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Saudi Kafala system is cancelled, but is more needed?

The Saudi Kafala system, which has been enforced in Saudi for the past 70 years or so, is now scrapped. Why now and what's left to be done?

Scrapping the kafala will help attract high-skilled workers and create more jobs for Saudi nationals Migrant workers can switch jobs upon the expiry of their work contract As many as 10 million migrant workers are expected to benefit from labor reform changes

The Saudi Kafala system, which has been enforced in Saudi for the past 70 years or so, ties workers to their employers, or sponsors, who are responsible for the employees’ visa and legal status.

But as Saudi seeks to boost its private sector and diversify from an oil-dependent economy, it scrapped the Kafala system last Sunday.

The move to scrap the kafala will help attract high-skilled workers and create more jobs for Saudi nationals, Sattam Alharbi, deputy minister for development of the work environment, told Reuters.

In November 2020, Saudi Arabia’s Ministry of Human Resources and Social Development agreed to a labor reform initiative to smoothen contractual relations between a Saudi employer and a foreign worker. 

Under the kingdom’s revised system, migrant workers can switch jobs upon the expiry of their work contract.

Workers will also be able to transfer jobs during the validity of their contract provided they notify their employers within a set timeframe.

Workers will also be exempt from “exit authorization”, allowing them to travel indefinitely without the permission of their employers.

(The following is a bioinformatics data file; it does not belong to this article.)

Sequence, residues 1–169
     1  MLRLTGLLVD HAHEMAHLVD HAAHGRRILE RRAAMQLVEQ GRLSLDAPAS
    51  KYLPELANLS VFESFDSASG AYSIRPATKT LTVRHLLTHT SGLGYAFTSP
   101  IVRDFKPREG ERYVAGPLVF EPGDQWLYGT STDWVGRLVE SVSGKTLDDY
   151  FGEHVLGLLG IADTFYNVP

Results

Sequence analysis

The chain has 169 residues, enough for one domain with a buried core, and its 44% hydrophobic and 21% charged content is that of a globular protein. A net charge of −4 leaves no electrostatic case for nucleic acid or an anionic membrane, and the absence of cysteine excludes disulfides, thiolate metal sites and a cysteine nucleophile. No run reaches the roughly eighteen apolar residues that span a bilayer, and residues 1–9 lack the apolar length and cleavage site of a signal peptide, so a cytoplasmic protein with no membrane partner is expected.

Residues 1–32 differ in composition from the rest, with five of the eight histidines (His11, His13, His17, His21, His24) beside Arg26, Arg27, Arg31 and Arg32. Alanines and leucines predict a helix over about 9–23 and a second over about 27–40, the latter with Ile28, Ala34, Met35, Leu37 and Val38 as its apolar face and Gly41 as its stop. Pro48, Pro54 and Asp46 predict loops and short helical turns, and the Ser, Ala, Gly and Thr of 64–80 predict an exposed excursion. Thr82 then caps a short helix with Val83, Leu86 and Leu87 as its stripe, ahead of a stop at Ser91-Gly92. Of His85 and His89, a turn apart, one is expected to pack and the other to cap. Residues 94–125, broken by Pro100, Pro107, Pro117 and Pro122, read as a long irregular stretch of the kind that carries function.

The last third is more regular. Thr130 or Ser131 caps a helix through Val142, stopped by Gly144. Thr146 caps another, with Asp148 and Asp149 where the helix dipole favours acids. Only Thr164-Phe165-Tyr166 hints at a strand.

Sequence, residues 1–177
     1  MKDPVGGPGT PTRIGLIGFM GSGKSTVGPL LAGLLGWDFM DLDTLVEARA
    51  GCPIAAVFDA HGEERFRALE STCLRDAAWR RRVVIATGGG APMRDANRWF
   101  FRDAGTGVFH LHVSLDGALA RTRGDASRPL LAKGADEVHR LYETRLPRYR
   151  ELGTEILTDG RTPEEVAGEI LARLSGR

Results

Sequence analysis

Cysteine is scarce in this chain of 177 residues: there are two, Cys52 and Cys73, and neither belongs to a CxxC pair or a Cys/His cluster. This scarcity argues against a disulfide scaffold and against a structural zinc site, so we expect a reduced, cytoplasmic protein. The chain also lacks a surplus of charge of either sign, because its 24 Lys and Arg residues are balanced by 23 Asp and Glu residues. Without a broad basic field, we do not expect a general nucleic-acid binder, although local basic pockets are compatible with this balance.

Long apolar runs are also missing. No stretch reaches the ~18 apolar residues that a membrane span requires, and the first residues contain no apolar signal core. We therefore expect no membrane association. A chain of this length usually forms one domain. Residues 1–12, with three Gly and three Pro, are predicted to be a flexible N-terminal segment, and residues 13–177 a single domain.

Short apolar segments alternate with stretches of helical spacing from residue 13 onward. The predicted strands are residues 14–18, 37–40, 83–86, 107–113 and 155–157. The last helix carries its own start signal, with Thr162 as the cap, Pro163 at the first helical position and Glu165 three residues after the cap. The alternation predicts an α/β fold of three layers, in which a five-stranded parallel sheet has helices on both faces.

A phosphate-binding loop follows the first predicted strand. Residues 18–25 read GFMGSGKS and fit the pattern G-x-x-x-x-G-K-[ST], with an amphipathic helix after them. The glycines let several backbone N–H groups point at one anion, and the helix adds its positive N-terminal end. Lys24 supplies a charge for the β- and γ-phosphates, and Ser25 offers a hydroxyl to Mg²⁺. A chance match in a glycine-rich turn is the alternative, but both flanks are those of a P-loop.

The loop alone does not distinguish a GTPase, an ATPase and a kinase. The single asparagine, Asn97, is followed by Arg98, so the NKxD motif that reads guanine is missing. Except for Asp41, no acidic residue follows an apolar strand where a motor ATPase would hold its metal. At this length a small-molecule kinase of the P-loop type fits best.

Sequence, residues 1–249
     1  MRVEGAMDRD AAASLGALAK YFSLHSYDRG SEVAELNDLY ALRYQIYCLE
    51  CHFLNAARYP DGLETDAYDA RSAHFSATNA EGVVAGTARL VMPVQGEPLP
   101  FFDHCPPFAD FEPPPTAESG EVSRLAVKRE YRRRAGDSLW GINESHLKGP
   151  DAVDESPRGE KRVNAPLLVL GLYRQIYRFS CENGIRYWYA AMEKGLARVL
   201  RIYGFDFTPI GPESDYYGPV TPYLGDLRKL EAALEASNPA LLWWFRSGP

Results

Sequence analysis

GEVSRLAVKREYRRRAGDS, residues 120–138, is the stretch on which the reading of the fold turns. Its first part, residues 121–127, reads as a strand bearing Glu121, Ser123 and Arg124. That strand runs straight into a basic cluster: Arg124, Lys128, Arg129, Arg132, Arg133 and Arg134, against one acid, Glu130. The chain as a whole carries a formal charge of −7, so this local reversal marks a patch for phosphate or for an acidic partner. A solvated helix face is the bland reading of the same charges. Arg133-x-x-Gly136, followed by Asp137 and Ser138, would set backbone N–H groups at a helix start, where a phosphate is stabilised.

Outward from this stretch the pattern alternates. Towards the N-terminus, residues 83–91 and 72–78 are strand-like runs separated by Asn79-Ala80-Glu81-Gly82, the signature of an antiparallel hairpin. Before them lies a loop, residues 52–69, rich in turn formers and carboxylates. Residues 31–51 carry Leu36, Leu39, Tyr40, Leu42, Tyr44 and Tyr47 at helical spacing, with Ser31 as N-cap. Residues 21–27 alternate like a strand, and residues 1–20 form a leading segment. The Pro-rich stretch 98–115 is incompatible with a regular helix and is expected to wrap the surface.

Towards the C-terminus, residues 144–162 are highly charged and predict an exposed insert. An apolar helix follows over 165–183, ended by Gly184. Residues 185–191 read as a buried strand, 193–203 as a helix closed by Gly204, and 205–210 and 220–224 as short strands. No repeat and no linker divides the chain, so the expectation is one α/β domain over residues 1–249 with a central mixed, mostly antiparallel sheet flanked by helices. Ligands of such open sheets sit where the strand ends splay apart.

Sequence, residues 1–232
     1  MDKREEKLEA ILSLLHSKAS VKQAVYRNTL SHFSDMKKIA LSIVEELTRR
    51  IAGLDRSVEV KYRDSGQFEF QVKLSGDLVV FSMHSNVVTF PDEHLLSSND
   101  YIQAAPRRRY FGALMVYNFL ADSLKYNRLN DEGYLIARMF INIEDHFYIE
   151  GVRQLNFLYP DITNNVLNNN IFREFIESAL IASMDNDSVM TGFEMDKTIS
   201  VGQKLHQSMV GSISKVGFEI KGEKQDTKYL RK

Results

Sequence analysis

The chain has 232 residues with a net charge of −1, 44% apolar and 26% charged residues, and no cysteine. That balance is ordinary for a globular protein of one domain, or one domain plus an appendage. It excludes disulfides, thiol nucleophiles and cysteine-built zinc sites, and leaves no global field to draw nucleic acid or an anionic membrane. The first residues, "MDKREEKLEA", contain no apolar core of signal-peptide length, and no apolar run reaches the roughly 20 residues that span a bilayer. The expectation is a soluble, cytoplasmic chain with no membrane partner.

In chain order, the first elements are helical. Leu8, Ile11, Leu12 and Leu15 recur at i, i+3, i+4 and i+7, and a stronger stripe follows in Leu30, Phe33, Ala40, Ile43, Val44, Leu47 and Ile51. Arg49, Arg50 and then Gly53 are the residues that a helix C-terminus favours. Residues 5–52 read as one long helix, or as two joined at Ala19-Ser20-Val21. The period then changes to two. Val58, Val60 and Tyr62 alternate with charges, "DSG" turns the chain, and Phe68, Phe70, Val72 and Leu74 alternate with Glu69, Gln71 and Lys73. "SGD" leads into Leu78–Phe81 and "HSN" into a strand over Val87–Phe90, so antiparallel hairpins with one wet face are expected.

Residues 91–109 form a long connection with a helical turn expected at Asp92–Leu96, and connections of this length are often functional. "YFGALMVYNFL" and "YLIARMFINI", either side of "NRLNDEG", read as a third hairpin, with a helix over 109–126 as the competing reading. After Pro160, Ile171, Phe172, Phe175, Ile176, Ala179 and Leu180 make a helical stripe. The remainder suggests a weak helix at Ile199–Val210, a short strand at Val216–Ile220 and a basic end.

Read: Can the Saudi G-20 be the final nail in the coffin for kingdom’s kafala system?

Read: Best places to work in Saudi, UAE, and Egypt in 2020 revealed

Filipinos applaud the move

The abolition of the Kafala system in Saudi Arabia took effect Sunday, March 14, 2021. 

In a statement, Migrante International, an alliance of Filipino migrant workers explained that the development would “allow expatriate Filipino and other foreign workers in Saudi to secure exit and re-entry visas, receive the last passport exit stamp and get a job in the Middle East country without the approval of a Saudi citizen sponsor.”

Migrant workers, local and international NGOs, and the United Nations have condemned the policy, which is applied in most GCC countries and elsewhere in the Middle East, because the system tended to exploit workers. 

The new initiative aims to make the Saudi labor market more attractive, the Saudi deputy minister for human resources said, by granting foreign workers the right to change jobs and leave the country without employers’ permission.

Migrante-KSA is calling for the application of this policy on the millions of domestic workers in the KSA.

More reforms to the system

A dramatic overhaul will allow expat workers to apply directly for government services, with their employment contracts documented digitally.

As many as 10 million migrant workers are expected to benefit from changes under the Kingdom’s Labor Reform Initiative (LRI), intended to foster “a competitive and fair working environment.” 

The initiative will help foreign workers acquire residency status that is not tied to a specific employer and will allow job mobility as well as exit and re-entry visas while protecting the rights of both employee and employer.

Two government portals, Absher and Qiwa, have been designated for the reform procedures.

Human Rights Watch on domestic workers

According to Human Rights Watch (HRW), some 3.7 million domestic workers are likely to be excluded from the labor law and labor reform changes. 

It said many domestic laborers face long working hours without a day off, forced confinement, and physical abuse.